5 Reasons You Shouldn’t Cancel Your Conference in 2020

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Around the world, major events are being canceled as the outbreak of the novel coronavirus causes large gatherings to be banned and social distancing to become the new normal.

For many conference organizers, it may seem like cancelation may be the only option available in the face of current circumstances.

Fortunately, you have further options. You could postpone the event, potentially avoiding a big shakeup, or you could hold a virtual conference. There may even be some significant benefits to hosting your gathering differently this year.

1. Postponing Can Help You Hold on to Spent Money

If you cancel an event, you are likely to lose out on most of the money you’ve spent so far. While in some cases you may be able to get refunds on a venue, conference space, airfare and lodging, typically, you’ll be faced with a serious cancellation fee. There is also no recouping money already spent on printed materials and merchandise.

Postponing your event can help you recoup some of that lost revenue.

When postponing, ask your venue for future available dates that are a bit off in the future. It may be possible to reschedule your booking, and you may be able to save some money. If you booked through a travel group, reach out to them now and ask if it’s possible to move your event back. 

Some places are looking to secure revenue next year to make up for cancellations this year. As a result, your travel group may be open to rescheduling your event.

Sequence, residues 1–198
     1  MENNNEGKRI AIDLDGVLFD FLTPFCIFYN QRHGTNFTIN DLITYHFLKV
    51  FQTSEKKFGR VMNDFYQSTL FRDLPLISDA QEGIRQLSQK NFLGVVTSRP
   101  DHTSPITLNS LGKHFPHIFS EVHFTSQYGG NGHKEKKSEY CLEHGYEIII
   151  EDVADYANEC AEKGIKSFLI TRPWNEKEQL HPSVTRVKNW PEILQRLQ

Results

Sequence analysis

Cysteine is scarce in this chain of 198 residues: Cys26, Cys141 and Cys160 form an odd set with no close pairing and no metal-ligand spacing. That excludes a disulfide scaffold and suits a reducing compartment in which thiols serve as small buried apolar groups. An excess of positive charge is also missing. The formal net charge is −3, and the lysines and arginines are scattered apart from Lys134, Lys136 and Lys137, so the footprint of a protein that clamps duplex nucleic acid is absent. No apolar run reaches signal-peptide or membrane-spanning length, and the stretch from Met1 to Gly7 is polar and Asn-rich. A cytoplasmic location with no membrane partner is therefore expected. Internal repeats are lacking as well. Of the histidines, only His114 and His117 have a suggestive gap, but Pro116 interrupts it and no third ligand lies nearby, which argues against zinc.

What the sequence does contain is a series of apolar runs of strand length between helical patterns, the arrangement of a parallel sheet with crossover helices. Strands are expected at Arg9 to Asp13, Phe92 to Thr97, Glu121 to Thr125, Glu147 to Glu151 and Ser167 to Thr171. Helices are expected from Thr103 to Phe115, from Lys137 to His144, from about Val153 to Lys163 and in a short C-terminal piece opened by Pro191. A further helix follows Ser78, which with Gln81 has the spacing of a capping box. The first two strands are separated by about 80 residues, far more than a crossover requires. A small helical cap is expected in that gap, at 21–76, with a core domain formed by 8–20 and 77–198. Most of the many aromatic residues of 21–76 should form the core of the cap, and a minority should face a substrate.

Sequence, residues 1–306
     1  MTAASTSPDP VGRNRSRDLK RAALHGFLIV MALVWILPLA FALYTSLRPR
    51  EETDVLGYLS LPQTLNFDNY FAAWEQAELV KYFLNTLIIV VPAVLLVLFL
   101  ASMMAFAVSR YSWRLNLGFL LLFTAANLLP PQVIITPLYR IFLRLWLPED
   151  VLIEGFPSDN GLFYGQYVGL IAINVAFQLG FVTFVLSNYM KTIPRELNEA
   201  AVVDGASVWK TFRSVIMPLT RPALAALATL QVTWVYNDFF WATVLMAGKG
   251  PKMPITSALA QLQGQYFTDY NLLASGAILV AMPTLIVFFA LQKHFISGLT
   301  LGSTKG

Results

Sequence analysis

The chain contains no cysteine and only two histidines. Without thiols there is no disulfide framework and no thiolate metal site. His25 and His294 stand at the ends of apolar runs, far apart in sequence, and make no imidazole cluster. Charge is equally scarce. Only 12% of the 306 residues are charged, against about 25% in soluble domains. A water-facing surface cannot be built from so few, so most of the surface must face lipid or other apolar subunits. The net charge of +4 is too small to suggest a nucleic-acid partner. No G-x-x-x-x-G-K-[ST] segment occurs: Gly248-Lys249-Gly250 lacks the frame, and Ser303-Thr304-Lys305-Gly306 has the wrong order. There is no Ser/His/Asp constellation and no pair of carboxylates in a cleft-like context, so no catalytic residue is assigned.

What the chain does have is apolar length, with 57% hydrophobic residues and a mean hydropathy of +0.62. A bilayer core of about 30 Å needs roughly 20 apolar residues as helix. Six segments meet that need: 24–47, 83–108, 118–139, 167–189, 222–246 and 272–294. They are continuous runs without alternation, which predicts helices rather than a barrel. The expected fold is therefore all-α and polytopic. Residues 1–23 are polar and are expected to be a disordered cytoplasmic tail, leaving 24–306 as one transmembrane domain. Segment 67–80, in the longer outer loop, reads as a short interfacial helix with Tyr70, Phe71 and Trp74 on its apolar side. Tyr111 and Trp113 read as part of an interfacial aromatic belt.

2. Virtual Conferences Can Be More Flexible

In just about every aspect, going virtual can offer your conference a lot more flexibility.

Typically, a conference needs to make enough money to cover a venue months in advance. Going virtual means you won’t have to worry about that particular issue. Instead, you can put your full focus on fielding the most interesting speakers and organizing workshops, panels and other events. You also won’t need to coordinate travel or lodging for staff or guests. All you’ll have to do is make sure they have a strong internet connection and any necessary streaming equipment — like a high-quality webcam, headset or home recording setup.

If your conference is like any of the top web design conferences out there, you may already have some of this equipment on hand for livestreaming purposes.

Because you don’t need to coordinate travel, it may also be possible to continue bringing on panelists and speakers weeks or even days before the conference date. It may also be less painful if a speaker needs to cancel just before the conference.

Going virtual gives you a little extra flexibility in many other ways. For example, rather than print out conference schedules, you can save paper and create a regularly updated online list that guests can access via QR codes. This was the strategy adopted by the annual meeting of Interdisciplinary 19th-Century Studies.